We already knew the 2012 Porsche Boxster and Cayman would be built in-house at the Volkswagen Osnabrueck plant, bucking the trend of outsourcing construction to contract firms like Valmet or Magna. What we didn't know is that the next-gen Cayman and Boxster would be built alongside Volkswagens. Golf convertibles, to be precise.

It's only supposed to happen when the Zuffenhausen plant, the primary construction point for the two Porsche twins, exceeds capacity. Given Porsche's past with contract manufacturing while maintaining very tight quality control, perhaps there's nothing to fear in VW building a few.

On the other hand, when enthusiasts learn that their cars roll off the same assembly line as a front-wheel-drive, relatively inexpensive VW convertible, it's perception that matters. Volkswagen, while building quality vehicles, doesn't have the best reputation for reliability--particularly when it comes to electrical systems--here in the U.S. Add to that the tinge of down-market association, and you could have a recipe for upturned noses.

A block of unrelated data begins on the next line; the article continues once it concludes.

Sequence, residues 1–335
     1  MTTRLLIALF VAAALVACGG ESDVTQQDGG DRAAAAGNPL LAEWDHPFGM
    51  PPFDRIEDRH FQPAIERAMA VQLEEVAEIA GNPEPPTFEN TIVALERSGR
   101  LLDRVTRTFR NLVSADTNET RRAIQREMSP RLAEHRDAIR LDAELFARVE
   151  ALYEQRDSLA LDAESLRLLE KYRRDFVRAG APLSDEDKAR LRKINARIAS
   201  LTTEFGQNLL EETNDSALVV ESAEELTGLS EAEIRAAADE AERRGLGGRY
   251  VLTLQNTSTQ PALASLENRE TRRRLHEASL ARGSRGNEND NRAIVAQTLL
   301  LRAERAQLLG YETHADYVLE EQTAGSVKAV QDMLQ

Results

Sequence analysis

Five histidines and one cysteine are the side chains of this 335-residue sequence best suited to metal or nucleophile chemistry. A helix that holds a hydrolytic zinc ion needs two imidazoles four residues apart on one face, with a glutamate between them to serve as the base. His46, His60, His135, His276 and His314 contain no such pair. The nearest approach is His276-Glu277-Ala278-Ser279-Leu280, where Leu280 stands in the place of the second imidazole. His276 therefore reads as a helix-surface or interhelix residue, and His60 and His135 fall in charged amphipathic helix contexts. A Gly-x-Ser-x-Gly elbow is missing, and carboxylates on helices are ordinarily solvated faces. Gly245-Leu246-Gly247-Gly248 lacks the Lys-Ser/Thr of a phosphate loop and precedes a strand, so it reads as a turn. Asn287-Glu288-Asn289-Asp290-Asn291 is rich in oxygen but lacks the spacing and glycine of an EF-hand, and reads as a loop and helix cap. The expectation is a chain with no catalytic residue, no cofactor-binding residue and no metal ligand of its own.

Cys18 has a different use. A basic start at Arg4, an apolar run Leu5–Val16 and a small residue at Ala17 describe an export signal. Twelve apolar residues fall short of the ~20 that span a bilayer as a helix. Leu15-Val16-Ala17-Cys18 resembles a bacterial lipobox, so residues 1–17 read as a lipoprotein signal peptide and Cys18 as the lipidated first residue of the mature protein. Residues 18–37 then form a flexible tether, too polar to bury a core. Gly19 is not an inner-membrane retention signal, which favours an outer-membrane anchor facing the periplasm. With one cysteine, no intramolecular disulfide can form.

Of course, the problem only arises if demand is too high to meet it with production at a single plant, according to the report. As for us, we're on the fence: it doesn't really matter where a car is built as long as it meets its design standards. But meeting those design standards can be more easily accomplished in some places than others.

What do you think? We want to hear from you, the enthusiast, if such close association with Volkswagen will do any harm to the brand's reputation, or if it will merely serve to help deliver the product we expect at a better price than would otherwise be possible.